I was talking recently to one of my coachees, Manager at a UN Agency, about crisis. I was surprised by his calmness,the perspective with which he spoke of the very delicate work he carries out in complex situations and countries.
To my question about what he does to manage conflict and uncertainty wisely, his answer was: "When I get stressed out, I meditate." Knowing that he is of Lebanese descent, I asked him if he had suffered the war, and as I had imagined, he lived it fully. I was not surprised when he added that the war had taught him everything which is important in life, even though he could not say that openly in all contexts.
How much can we profit from a well used crisis... My favorite people, those who inspire me and with whom I feel like sharing the road have that in common... they have lived their crises consciously and they have managed to squeeze them. Some had small crises somewhat spaced in time, and that allowed them to advance step by step. Others, amongst whom I count myself, perhaps out of stubbornness or sometimes sheer innocence, we needed a stronger dose to make acknowledgment of receipt.
After a well-lived crisis, we feel reinforced, with deeper roots and more extended wings, with more resources, patience and wisdom provided that we are able to integrate what we have lived, and that we accept, as a wise person I know always says, that "everything is subject to change and everything is on schedule." We also learn to accept that the crisis will make way to a hopefully long period of calmness before another “crisis” makes its appearance, and it will bring, only if we have lived it well, the gift of a new level of respect for our own frailty and for that of others. In the end we are bound to understand that even though other crises will come, and they will, if we integrate what we have learned, there will be less pain and we will probably be done with them sooner.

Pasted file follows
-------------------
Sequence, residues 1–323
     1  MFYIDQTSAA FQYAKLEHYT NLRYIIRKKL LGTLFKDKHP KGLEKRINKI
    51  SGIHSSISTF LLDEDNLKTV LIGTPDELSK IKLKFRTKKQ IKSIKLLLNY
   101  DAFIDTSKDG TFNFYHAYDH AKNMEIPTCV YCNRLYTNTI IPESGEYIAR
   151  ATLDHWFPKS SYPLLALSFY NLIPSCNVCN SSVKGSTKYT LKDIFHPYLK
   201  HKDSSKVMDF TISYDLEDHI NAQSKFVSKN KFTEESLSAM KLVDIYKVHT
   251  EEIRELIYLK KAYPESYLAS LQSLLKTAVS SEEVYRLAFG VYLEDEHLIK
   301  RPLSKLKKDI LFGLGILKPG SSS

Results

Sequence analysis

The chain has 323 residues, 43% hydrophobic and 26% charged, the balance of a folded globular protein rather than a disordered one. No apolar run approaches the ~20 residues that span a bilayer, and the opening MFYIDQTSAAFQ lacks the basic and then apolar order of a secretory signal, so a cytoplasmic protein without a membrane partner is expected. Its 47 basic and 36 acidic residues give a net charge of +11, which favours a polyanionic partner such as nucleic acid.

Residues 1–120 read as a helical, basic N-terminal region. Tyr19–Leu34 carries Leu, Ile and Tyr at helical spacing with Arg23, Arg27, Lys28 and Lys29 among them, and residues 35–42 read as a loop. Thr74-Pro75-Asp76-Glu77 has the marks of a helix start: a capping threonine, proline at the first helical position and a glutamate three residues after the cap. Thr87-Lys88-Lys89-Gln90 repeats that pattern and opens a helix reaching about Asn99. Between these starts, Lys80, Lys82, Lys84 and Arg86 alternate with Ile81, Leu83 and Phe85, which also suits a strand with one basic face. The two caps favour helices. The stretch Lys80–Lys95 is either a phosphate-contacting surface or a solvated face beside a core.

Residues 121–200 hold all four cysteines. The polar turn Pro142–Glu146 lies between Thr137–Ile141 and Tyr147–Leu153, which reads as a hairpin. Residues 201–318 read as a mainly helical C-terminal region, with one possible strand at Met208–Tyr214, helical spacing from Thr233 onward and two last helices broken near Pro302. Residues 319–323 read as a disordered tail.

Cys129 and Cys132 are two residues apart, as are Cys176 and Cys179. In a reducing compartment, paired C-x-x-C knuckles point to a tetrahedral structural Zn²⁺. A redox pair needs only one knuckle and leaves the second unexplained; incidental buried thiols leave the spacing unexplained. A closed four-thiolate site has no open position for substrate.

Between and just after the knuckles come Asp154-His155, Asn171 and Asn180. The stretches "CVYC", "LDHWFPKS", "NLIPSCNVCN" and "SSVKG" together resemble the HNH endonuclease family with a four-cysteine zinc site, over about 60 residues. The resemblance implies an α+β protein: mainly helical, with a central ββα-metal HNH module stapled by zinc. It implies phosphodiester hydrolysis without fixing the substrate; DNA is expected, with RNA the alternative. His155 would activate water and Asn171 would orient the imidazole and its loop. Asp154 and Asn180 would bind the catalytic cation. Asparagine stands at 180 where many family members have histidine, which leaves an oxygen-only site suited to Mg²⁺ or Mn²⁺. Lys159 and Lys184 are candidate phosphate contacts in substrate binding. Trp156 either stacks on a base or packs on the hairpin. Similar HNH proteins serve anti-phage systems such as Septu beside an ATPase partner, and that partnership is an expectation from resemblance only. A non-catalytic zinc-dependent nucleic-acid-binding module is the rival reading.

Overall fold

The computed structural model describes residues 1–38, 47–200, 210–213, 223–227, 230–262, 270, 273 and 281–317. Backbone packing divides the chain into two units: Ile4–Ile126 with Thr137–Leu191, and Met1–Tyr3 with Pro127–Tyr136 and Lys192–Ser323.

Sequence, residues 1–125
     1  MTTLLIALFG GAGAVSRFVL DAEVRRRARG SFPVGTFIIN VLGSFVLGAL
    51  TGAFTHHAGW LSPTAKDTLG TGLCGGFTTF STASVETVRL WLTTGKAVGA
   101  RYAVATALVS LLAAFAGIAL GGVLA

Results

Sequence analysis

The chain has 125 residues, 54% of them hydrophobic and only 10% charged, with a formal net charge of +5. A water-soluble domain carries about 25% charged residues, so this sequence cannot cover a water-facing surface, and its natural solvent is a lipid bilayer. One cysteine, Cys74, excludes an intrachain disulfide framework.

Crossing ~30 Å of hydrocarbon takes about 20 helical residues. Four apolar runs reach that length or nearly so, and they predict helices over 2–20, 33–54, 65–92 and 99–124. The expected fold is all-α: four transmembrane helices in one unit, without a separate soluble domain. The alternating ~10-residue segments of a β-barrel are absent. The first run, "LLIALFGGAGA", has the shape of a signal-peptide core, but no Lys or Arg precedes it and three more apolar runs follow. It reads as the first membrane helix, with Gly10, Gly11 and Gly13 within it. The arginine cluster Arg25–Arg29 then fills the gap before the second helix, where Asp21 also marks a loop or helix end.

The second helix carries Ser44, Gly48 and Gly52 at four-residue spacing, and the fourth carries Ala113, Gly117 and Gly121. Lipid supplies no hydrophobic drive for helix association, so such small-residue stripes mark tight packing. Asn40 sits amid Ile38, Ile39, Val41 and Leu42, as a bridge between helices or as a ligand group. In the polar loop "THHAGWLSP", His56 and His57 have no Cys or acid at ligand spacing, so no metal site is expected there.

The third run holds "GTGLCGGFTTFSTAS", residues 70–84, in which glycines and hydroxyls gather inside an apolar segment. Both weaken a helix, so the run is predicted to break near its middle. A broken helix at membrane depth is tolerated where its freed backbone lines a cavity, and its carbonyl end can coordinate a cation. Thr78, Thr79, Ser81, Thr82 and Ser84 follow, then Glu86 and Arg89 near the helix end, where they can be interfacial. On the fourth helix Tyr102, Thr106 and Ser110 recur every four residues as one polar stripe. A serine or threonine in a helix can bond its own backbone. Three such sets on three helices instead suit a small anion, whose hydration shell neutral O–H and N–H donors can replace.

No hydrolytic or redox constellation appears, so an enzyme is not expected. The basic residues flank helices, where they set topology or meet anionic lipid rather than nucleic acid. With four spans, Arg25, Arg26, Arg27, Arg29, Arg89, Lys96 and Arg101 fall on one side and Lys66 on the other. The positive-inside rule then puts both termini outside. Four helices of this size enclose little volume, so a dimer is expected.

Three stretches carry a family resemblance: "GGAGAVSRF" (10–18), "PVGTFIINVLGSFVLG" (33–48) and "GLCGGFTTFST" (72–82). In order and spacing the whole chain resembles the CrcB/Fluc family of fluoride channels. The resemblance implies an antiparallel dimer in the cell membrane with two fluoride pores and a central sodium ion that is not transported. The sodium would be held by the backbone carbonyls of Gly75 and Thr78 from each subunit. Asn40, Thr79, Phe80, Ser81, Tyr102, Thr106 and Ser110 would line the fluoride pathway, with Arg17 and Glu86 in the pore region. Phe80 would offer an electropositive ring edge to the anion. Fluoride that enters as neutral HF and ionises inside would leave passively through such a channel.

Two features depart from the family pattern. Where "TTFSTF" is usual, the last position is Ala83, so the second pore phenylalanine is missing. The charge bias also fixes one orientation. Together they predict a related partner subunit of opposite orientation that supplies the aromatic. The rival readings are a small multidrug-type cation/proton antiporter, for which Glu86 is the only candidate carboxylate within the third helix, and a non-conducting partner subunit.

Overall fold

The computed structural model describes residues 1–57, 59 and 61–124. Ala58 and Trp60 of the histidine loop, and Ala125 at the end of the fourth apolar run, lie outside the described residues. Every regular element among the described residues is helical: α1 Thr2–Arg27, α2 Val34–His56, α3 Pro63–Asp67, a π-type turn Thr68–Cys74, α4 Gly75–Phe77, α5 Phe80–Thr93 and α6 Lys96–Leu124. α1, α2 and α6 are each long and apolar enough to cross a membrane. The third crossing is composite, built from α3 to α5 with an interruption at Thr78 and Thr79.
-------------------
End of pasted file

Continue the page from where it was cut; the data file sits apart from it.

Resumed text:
Let ́s then stop avoiding our crises or living them as if they were unique ... we would do better by consciously living them, opening the door to what they have to offer, suffering, kicking and unleashing our fury if that is necessary ... and accepting and integrating their lessons gracefully once the storm has subsided. Maybe that way the gods will have mercy next time and they will not send us the same lesson again.